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Arts and Entertainment

Springfield Little Theatre Presents Original Stage Version of 'A Few Good Men'

(Poster design courtesy Springfield Little Theatre)

Aaron Sorkin's 1992 Oscar-nominated film A Few Good Men is the powerful story of two U.S. Marines on trial for the murder of a fellow Marine at Guantanamo Bay, Cuba.  A callow young Navy lawyer, known as the "king of the plea bargains," is put in charge of the accused Marines' defense team. One member of that team prods the lawyer into making a valiant effort to defend his clients--and in the process putting the military mentality and the Marine code of honor on trial.

It's not well known, however, that A Few Good Men was originally a play on Broadway in 1986.  The stage version will be presented by Springfield Little Theatre through January 31st at the Landers Theatre, 311 E. Walnut. C.J. Maples directs the production, and she says the stage play was actually Sorkin's first big project. "He was working on it kind in pieces as he was bartending to make a living, writing on cocktail napkins and such." That's the story, anyway, says Jessica Palmer, who plays Lt. Commander JoAnne Galloway.  She says the play and movie are based no a true story.  Sorkin's sister Deborah was herself an attorney and suggested the idea to Aaron Sorkin, "got the juices flowing for him, and that's where it all started."

Sorkin's work on A Few Good Men preceded his creation of what C.J. Maples calls "one of my favorites," the TV series The West Wing.  Adds Aaron Campbell, who plays the Navy lawyer Lt. Daniel Kaffee, "he also wrote The Social Network--there are a lot of movies out there that Aaron Sorkin wrote that people might recognize, including the recent biopic of Steve Jobs. Campbell describes his character, Lt. Kaffee, as being rather unenthusiastic about his job. "He comes to work, and he knows what the day's going to be, 'and then I'm gonna go play softball, I'm gonna go home and drink my Yoohoo.' He likes to muddle his way through things.  But the thing is, he's a really brilliant guy--when he applies himself. And you (experience) the transformation of him throughout the entire show, along with all the other characters." Adds C.J. Maples, "up until this case, he's not been in the courtroom--he's a master of plea bargains."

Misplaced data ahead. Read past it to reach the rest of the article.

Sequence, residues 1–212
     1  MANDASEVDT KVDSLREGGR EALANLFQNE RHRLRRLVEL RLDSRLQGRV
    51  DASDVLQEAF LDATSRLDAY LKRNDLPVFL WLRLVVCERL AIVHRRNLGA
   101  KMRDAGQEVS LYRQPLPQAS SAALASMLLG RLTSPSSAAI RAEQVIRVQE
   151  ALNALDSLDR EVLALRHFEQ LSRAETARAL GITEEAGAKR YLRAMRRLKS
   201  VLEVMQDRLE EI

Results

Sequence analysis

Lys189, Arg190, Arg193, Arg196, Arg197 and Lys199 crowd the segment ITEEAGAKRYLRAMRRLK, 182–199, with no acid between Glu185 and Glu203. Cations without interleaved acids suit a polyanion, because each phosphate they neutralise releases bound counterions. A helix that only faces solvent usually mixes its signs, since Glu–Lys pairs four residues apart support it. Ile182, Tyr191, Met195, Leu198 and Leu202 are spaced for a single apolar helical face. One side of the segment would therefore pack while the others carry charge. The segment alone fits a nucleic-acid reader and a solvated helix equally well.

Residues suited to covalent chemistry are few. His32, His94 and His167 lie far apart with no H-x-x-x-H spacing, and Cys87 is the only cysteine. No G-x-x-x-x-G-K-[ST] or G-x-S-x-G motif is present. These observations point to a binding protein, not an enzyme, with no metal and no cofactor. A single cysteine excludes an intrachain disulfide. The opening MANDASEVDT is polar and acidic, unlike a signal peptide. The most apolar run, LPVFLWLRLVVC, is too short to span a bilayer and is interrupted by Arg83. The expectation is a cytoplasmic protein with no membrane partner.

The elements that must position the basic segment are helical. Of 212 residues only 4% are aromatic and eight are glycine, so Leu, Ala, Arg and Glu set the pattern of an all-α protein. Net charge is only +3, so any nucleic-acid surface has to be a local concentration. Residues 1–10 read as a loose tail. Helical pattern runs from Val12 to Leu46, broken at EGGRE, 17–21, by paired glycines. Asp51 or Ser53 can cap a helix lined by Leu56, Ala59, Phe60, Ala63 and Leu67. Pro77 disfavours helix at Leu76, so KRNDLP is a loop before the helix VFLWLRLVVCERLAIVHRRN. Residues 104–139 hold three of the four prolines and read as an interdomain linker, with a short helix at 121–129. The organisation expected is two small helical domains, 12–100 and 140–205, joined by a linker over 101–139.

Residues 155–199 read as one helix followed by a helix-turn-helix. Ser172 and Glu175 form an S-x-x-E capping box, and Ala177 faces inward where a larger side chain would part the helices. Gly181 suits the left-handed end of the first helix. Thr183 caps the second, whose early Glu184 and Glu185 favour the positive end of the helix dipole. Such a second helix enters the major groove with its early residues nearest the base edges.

But not this time. Navy Lt. Commander JoAnne Galloway reads over the case and, says Jessica Palmer, she "thinks (the defendants) should not plead guilty, they should fight this.  I (JoAnne) have an instinct, and I'm also extremely diligent with research and investigation."  JoAnne asks to be assigned the case herself, but their boss instead gives it to the less experienced Daniel, putting JoAnne on his defense team.

Director C.J. Maples found Sorkin's play "scary" at first, because although he wrote it for the stage, he wsa already demonstrating an affinity for the very different kind of writing and scene-setting demanded by TV and movies, jumping from Washington, DC to Guantanamo and back, with near-instant costume changes. "Fortunately, after getting used to the script and doing a lot of analysis and dramaturgy for it," C.J. says she managed to cast the play extremely well. "Every one of them has made the characters their own--they're honest, have a depth to them, and are very compelling." While the basic storyline and script are the same from play to movie, C.J. feels that "the telling of it through live theater is much more--people can relate to the characters much easier, it's more heartfelt. You really get caught up in this story. At the preview last night, one of the best comments I got was from a lady at intermission who said, 'I didn't want the intermission to come--I want it to keep going!'"

A Few Good Men opens tonight (Friday Jan.22) at 7:30pm at the Landers, with performances tomorrow night, as well as next Wednesday-Saturday Jan.27-30 at 7:30. There are two Sunday matinees at 2:30pm, January 24 and 31.  For ticket information visit or call the Landers Theatre box office at (417) 869-1334.